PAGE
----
1.1. Proximal crop and soil sensing
Participants: A. Escolà, J.R. Rosell-Polo, J.A. Martínez-Casasnovas, J. Llorens, E. Gregorio, J. Gené, R. Sanz, B. Lavaquiol.
In Precision Agriculture, the most widely used convention is that sensors embedded in terrestrial platforms are considered to make near or terrestrial detection while those that have no contact with the ground (embedded in drones, planes or satellites) are considered which do remote sensing. With this premise, the GRAP works with different types of sensors to characterize crops and their environment and georeference the data obtained.
1.1.1. 3D characterization of vegetation
In fruit growing, information on the geometric and structural characteristics of plantations has innumerable applications. Knowing and taking into account the external dimensions of the leaf canopy (height, width and volume), as well as the internal characteristics and structure of the crown (porosity, space occupancy and leaf area index) can improve the farm management. Specifically, operations such as the application of plant protection products, irrigation, fertilization and pruning and crop formation techniques can be carried out more efficiently when the variability of vegetation is taken into account. The knowledge of the geometrical-structural characteristics of the plantations allows to optimize the use of resources and, with this, to reduce the environmental and economic impact of his application.
GRAP specializes in the use of LiDAR (Light Detection and Ranging) sensors for the creation of three-dimensional point clouds from which useful information on vegetation can be obtained for agronomic management decision making. In addition, GRAP also has RGB-D cameras and uses photogrammetry techniques to characterize the leaf canopy and fruits.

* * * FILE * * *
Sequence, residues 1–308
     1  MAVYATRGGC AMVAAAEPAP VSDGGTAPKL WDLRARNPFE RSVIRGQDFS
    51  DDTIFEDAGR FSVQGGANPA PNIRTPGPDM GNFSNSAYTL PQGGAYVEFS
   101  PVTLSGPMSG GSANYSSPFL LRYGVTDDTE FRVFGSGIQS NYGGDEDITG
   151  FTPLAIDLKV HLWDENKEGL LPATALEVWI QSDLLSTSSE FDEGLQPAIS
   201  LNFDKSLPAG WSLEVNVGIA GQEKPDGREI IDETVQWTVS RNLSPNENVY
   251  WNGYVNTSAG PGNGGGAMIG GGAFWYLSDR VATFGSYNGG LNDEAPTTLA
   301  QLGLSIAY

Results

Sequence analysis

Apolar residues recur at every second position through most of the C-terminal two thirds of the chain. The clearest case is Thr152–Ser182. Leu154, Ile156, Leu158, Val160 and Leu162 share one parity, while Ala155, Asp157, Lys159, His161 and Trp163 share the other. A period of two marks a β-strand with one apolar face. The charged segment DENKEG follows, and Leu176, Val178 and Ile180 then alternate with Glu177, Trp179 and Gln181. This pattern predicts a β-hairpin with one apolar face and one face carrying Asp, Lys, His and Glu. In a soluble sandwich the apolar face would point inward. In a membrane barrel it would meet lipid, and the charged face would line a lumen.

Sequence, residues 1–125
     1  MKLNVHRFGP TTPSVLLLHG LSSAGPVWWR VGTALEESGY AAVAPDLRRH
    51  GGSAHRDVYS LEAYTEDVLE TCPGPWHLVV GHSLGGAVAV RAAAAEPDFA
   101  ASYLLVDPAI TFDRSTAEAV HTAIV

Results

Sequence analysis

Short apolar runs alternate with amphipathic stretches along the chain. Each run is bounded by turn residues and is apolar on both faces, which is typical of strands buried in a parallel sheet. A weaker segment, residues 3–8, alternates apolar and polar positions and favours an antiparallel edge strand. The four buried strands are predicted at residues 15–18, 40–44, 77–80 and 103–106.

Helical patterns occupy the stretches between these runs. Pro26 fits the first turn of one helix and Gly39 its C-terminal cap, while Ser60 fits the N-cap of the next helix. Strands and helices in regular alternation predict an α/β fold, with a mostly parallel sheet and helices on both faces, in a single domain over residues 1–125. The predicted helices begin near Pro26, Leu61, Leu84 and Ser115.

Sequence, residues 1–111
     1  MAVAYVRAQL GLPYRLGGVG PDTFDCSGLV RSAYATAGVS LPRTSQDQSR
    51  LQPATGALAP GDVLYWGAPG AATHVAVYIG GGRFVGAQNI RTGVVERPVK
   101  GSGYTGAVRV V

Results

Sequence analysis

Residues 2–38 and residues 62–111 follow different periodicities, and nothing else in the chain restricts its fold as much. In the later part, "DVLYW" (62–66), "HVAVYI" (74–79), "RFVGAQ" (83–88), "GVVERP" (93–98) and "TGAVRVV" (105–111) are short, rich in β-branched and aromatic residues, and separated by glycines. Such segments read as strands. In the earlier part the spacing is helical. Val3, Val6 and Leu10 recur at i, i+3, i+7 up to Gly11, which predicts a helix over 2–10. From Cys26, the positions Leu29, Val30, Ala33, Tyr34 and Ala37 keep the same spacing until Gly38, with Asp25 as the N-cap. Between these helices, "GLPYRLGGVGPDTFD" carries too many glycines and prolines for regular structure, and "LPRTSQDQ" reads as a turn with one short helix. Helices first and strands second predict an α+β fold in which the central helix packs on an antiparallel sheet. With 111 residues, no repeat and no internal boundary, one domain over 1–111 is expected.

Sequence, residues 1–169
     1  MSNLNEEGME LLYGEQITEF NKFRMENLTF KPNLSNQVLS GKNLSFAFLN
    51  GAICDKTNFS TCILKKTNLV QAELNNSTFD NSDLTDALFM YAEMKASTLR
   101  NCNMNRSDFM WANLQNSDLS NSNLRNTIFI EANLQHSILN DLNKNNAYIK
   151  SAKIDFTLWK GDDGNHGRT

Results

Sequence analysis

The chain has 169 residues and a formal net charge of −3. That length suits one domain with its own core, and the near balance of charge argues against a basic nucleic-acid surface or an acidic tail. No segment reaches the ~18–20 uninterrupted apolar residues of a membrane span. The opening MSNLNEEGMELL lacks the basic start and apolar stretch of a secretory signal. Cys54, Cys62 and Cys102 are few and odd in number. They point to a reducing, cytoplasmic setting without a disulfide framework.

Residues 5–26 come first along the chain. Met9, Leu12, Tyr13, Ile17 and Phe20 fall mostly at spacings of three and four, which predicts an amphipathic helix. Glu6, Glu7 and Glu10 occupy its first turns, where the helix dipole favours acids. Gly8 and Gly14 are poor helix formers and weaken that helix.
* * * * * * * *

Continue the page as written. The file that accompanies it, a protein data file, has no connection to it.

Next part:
Figure 1. Example of an ETSEA experimental plot scanned with a mobile terrestrial scanner based on LiDAR technology (youtu.be/7Gj0TjafIMY).
The GRAP currently has a portable terrestrial laser scanner and an electric all-terrain vehicle that allow fruit orchards, vineyards and also extensive crops to scanned for research purposes. However, in order to make the 3D model of the cropof direct use to the farmer or technician, three-dimensional point clouds must be processed to extract information and display it in a useful format, such as digital top-down mapping. These maps can show the height of the crop, the width of the crown, its volume, its porosity or even the growth between two dates at any point in the plot and see if its distribution is uniform or variable within the plot. With these maps and all the auxiliary information available to the farmer or the advisory company, it will be possible to make better documented management decisions.
Figure 2. Viametris bMS3D portable terrestrial laser scanner based on LiDAR sensors (left) and vegetation growth map between two scan dates (right). Source: Precision Agriculture 18(1), 111-132. DOI: 10.1007/s11119-016-9474-5.
Among the applications of crop 3D data in agronomic management are the following:
- Detection and quantification of crop variability on the plot.
- Detection and location of problems.